Transcatheter aortic valve replacement, TAVR, is a far-less invasive means of replacing the heart valve connecting the heart with the aorta, the body’s main artery. It will, in no small degree, replace the traditional surgical repair, SAVR, over the next few years. How to diffuse its use across the US while maintaining its value, in both, functional outcome and fewer complications is a concern for the government, industry, physician and patient advocates. The question is, does size matter?
TAVR’s journey from the lab to the bedside
TAVR is a triumph of technology , and the story of its initial clinical use is fairly typical. Manufacturers of TAVR devices collaborate with academic centers that have both highly specialized/skilled physicians and a “wealth” of patients needing an aortic valve replacement in the initial application of these systems to patient care. They work with the patients who have no surgical alternatives in a very controlled and observed manner to demonstrate the device's benefits and risks providing the information in the application for commercial approval of these devices. In 2012, TAVR became commercially available to physicians outside the initial testing cycle.
It is a technology now available in 550 carefully selected centers. Since none of these new sites had ever used a TAVR device, the decisions about who and where qualified was based on a “surrogate” measures of operator skill, experience, and infrastructure – if you were a high volume center performing a lot of SAVR you had the requisite skills. High volume center is the critical phrase; volume is the surrogate. The problem facing device manufacturers, health systems, physician, and patients is what to do now, in the words of CMS how do you balance access with the surrogate measure volume – lowering the volume requirements will increase access, but will it also lead to less experience more episodic use in turn possibly resulting in more complications and deaths.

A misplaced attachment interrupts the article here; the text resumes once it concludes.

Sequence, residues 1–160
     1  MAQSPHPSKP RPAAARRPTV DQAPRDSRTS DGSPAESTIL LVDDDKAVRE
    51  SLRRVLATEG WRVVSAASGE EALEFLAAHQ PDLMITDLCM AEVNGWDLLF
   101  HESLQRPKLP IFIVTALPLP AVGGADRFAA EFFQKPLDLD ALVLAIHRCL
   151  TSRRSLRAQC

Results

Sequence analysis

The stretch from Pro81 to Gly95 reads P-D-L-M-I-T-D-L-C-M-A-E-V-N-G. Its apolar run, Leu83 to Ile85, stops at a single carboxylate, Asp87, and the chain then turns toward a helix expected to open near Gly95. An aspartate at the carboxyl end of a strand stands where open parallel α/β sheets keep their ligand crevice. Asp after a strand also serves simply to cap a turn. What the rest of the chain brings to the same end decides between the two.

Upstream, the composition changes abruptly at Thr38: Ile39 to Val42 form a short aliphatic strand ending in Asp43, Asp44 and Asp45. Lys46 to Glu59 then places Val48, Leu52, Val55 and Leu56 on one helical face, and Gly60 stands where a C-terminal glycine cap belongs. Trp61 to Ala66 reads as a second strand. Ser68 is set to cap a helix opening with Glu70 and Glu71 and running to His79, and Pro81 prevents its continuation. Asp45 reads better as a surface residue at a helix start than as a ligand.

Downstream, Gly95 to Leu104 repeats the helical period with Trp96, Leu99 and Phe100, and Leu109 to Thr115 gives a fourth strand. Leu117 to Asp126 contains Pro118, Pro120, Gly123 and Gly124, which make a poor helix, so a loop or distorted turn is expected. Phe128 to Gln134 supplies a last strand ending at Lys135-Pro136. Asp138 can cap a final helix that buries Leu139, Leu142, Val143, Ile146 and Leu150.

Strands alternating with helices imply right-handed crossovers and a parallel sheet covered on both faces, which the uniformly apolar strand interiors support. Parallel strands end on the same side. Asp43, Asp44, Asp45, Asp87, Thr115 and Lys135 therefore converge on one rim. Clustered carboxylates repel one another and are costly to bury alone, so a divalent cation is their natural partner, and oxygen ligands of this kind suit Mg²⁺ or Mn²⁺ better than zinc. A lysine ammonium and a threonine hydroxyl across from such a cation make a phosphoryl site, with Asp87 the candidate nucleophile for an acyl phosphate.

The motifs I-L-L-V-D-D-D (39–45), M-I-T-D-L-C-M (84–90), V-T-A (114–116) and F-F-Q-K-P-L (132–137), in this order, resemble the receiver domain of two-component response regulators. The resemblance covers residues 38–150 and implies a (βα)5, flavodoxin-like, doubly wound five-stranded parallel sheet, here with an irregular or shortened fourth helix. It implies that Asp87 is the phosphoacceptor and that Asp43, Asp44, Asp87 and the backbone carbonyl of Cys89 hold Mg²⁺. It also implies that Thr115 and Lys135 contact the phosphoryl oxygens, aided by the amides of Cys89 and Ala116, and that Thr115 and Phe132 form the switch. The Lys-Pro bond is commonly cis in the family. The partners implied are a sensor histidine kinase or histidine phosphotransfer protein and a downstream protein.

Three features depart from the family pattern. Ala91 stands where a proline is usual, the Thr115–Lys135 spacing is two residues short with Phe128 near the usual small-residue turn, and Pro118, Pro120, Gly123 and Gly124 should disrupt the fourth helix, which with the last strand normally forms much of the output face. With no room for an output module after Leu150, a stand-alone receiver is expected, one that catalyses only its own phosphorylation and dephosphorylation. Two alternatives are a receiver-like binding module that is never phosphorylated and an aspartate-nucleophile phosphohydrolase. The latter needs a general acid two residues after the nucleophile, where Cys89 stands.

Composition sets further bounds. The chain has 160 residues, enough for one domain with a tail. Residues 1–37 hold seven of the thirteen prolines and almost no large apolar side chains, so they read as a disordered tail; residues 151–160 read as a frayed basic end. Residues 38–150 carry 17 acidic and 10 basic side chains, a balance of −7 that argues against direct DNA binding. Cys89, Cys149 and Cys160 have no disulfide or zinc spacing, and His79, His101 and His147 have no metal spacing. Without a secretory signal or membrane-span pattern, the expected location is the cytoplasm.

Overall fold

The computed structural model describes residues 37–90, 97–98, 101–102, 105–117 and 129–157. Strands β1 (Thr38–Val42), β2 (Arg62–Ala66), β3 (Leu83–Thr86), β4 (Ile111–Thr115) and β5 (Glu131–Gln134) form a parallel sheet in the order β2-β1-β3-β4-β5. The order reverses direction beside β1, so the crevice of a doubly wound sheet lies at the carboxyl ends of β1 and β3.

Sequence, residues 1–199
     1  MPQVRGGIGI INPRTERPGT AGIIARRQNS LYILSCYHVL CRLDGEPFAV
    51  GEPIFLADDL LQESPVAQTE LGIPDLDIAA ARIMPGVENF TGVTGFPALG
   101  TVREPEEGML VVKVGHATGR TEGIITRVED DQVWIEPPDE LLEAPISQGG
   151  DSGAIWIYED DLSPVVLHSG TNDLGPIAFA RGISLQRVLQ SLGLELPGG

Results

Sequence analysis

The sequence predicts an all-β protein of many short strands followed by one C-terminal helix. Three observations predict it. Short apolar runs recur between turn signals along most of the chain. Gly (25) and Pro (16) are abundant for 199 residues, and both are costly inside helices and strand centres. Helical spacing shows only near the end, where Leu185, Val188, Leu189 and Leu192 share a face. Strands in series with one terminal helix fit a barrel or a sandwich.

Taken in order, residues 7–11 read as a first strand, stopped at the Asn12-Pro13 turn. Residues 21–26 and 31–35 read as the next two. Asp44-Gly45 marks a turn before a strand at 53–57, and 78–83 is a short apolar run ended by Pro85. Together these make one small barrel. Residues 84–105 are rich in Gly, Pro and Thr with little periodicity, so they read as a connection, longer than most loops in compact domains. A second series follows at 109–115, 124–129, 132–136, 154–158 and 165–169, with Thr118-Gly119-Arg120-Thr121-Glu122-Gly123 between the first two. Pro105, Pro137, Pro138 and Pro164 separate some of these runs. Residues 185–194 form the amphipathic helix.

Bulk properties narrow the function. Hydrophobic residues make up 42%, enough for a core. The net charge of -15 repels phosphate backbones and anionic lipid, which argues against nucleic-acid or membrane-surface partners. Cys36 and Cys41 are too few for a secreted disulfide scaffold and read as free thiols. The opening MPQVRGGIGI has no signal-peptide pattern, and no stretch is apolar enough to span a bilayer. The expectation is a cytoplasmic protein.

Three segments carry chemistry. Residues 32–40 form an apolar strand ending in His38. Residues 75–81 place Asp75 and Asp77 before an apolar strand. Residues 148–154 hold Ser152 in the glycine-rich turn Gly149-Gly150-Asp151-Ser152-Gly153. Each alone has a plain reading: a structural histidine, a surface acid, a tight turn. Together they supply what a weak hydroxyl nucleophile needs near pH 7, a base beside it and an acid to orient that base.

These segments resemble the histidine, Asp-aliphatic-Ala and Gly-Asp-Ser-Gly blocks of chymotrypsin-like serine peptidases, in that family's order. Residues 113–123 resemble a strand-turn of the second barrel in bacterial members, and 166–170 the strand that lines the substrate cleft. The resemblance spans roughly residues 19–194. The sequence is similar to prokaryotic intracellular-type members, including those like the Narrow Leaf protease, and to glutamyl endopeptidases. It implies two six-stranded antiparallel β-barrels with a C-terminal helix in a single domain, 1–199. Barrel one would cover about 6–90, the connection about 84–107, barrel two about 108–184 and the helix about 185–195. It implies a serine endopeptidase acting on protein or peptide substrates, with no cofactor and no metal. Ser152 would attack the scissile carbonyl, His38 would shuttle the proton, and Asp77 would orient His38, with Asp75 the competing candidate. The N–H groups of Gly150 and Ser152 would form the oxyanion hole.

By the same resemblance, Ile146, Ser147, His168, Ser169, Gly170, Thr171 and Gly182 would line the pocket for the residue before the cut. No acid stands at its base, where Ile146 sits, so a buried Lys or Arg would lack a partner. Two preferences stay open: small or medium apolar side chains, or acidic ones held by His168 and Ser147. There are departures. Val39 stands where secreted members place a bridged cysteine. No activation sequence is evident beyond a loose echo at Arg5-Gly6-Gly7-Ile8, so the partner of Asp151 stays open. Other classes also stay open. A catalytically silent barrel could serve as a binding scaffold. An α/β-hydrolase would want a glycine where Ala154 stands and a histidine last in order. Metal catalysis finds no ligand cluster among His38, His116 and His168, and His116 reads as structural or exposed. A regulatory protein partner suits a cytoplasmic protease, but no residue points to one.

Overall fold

Manufacturers want to provide their devices to as many sites and patients as possible, this is their R&D payday. But they know that poor results will be disastrous, and they often employ their own criteria in the selection of physicians they provide their devices to and train. Health systems already providing TAVR are looking for more patients too, they already have proven their expertise so more centers will reduce their markets. Health systems without TAVR programs that only have surgical programs are appropriately fearful that their patients will opt for less invasive care and that their purely surgical volumes will drop along with those patient dollars. Same for physicians, those already doing TAVR want more patients, not more competition; physicians previously excluded from the party because of volume want a chance to provide the same care to their patients without sending them to some more or less distant center. Patients just want to be cared for safely and effectively.
Physicians recognize that judgment, skill and experience are necessary components of all medical care, especially with this type of technology that requires device-specific training. During the commercial roll-out, volume was the best surrogate for experience with TAVR, but now with six years of experience, we understand the time necessary to learn techniques, some of the nuances of judgment and post-procedural care and we have statistics on the current outcomes, specifically deaths, complications and mid-range outcomes (months to years).